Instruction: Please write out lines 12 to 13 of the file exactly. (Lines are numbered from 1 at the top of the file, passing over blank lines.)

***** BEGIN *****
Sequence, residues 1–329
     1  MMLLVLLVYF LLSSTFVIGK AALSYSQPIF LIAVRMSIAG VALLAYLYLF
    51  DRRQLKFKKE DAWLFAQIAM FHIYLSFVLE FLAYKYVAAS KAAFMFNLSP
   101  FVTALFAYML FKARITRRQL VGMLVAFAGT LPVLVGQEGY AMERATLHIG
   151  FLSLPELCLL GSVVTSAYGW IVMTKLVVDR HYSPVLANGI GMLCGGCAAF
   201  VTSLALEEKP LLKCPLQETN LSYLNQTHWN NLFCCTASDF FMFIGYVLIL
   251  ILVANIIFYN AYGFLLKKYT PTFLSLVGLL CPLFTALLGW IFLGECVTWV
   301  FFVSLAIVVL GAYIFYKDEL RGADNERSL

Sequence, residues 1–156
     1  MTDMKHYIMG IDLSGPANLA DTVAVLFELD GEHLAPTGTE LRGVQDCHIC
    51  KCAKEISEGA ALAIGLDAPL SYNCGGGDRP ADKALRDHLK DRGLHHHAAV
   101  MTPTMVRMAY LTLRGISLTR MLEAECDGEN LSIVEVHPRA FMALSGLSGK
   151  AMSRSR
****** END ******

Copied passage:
   101  MTPTMVRMAY LTLRGISLTR MLEAECDGEN LSIVEVHPRA FMALSGLSGK
   151  AMSRSR